Such a change in our system would furnish a shortening of the ballot which is so much advocated. It would lessen the expense of the judicial machinery. It would furnish abler judges and speed up litigation and perhaps aid in clearing the atmosphere from the charges and condemnation which now surrounds the bench and bar.
REPORT OF COMMITTEE ON OBITUARIES.
Prepared by Hon. John Arthur.
WILLIAM M. RIDPATH. In Rochester, Minn., August 6th, 1914, Col. William M. Ridpath, a well-known and wealthy citizen of Spokane, died at the age of 69. He was a native of Putnam County, Indiana. He served in the Civil War and came to Spokane in 1888. During his first twelve years in that city he practiced law, and was appointed prosecuting attorney by Governor Miles C. Moore during territorial days. A large hotel in Spokane bears his name. He left three children, Mrs. John Ankeny, Dr. Paul C. Ridpath, a practicing physician in Chicago, and Miss Nellie Ridpath, who was studying in Europe for about three years preceding his death.
ALFRED L. PALMER, In Seattle, on August 20, 1914, Alfred Lee Palmer, one of the old and well-known residents of that city, departed this life. He was born in Mina, New York, in 1835, and came to Seattle thirty-three years ago from Lincoln, Nebraska. He engaged in the practice of law, but in later years devoted his whole time to real estate. He built up a large fortune. He is survived by five sons and two daughters.
A. H. FOOTE. In Seattle on September 19, 1914, Judge A. H. Foote, who had resided in that city since 1888, passed away. In Douglas County, Kansas, whence he came to Washington, he served two terms as judge of the probate court. He practiced law for a while in Seattle, but gradually retired and devoted his time to investments.
He was elected city treasurer of Seattle in 1898 and served until 1900. He was a Union soldier in the Civil war. He was born on his father's farm in Geauga County, Ohio, on December 24, 1838, and lived there until the age of 21, when he became a student of law at the Western Reserve Seminary, which study he followed up in Cleveland. In May, 1862, he enlisted in Company B, Eighty-seventh Ohio Infantry. In 1869 he removed to the state of Kansas and located in Lawrence, where he opened an office and practiced law. In 1879 he returned to West Farmington, Ohio, where he was married to Mary M. Weir. Of three children only one survives, Sherman W. Foote, who resides in Seattle.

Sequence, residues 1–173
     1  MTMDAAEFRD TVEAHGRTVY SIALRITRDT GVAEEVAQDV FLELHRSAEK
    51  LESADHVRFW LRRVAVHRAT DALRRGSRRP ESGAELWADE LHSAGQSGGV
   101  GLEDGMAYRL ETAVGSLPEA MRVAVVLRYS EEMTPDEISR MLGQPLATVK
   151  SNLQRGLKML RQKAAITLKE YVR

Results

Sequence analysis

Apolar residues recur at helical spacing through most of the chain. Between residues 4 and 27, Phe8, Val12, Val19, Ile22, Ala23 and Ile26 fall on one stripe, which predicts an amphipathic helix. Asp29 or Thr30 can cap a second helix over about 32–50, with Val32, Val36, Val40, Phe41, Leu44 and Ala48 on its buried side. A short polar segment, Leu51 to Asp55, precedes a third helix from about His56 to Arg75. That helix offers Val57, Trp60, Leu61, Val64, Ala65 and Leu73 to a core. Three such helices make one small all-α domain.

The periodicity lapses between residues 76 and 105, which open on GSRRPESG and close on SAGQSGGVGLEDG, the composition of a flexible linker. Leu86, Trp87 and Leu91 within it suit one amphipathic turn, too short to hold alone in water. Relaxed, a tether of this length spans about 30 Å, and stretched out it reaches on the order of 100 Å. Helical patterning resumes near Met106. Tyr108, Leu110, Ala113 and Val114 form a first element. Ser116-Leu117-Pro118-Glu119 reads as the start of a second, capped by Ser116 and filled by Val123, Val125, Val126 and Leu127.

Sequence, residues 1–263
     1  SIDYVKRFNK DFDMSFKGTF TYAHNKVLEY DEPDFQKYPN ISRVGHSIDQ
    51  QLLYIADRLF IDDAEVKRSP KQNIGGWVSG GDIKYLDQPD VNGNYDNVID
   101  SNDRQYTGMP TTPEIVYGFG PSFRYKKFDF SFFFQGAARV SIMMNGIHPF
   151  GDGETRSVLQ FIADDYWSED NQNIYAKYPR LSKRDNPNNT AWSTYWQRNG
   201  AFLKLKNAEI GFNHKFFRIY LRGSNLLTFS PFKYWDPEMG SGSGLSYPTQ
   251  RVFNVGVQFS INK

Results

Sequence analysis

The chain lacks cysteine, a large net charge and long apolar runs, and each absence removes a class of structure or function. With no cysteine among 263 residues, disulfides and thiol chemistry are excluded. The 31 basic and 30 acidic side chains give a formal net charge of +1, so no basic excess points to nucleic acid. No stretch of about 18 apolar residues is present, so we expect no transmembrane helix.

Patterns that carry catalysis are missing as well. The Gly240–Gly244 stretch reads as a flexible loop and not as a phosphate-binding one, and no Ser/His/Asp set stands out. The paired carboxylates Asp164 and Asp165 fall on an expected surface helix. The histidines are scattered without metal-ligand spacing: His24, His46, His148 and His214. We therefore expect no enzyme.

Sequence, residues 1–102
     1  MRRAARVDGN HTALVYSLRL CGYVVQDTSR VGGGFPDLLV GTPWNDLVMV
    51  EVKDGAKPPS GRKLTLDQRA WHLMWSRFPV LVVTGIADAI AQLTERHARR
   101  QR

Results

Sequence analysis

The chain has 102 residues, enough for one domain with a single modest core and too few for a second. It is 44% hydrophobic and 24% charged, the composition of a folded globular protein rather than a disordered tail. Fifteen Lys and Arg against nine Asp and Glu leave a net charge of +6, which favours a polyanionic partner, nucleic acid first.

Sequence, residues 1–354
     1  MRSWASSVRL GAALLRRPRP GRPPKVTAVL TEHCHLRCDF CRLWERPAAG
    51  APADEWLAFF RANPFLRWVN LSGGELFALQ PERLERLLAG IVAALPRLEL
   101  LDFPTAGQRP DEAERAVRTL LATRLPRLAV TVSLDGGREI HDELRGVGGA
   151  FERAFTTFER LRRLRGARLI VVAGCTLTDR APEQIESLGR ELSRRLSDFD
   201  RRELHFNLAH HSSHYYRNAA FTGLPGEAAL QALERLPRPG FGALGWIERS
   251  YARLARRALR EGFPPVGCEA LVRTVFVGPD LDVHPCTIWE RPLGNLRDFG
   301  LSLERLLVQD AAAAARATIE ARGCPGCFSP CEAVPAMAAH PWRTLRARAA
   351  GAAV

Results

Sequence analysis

C. W. NEAL. In Tacoma on September 22, 1914, C. W. Neal died at the age of 66. He had served in the Civil and Spanish-American Wars. He was born at Kittery, Maine, whence he removed to Iowa. In the year 1907 he came to Tacoma. He is survived by his widow and two sons, both of whom are lawyers, Frank C. Neal, of the firm of Davis & Neal, in Tacoma, and Mr. Fred W. Neal, of Bellingham.
GEORGE W. SAMPSON. In Seattle on November 8, 1914, George W. Sampson died. He had resided in that city for ten years, and had come there from Lexington, Massachusetts. He is survived by his wife, one son, George K. Sampson, 19 years old, and one daughter, Mrs. Grace M. McDermott, of Haines, Alaska.
MELVIN M. GODMAN. In Seattle, on November 9, Judge Melvin M. Godman, well known all over the state, and who had just resigned as chairman of the State Public Service Commission, passed away. He had but two months previously resigned that position. In accepting his resignation, Governor Lister said:
“It is with deep regret that I accept the resignation of Judge Godman, and it is now accepted only for the reason that I feel his health is such it is necessary for him to take an absolute rest. He leaves his position with the hope in the heart of all with whom he has been associated that his recovery may be speedy. I personally feel in his withdrawal from the Public Service Commission the state is losing the services of one of its strongest and most able officials.”
Judge Godman served a term as judge of the Superior Court of Columbia County. He also served as a member of the Alaska-YukonPacific Exposition Commission. He was born in Marion County, Missouri, January 1, 1856. In 1870 he removed to California, where he was graduated from the Pacific Methodist College in 1877, and was admitted to the bar in 1880. He established himself in practice in that state. He removed to Washington and located at Dayton in Columbia County, where he lived for twenty-six years and reared a family. In 1907 he removed to Seattle and entered upon the practice of law in that city, at which he continued until his removal to Olympia as a member of the Board of Public Service Commission.
He was active in democratic politics and was highly esteemed throughout the commonwealth. He is survived by his wife and two sons, Donald Godman and Melvin M. Godman, Jr.
RICHARD VERNON WILLIAMS. In Puyallup on November 14, 1914, Richard Vernon Williams, a resident of that city for seven years, died. He was a native of Ken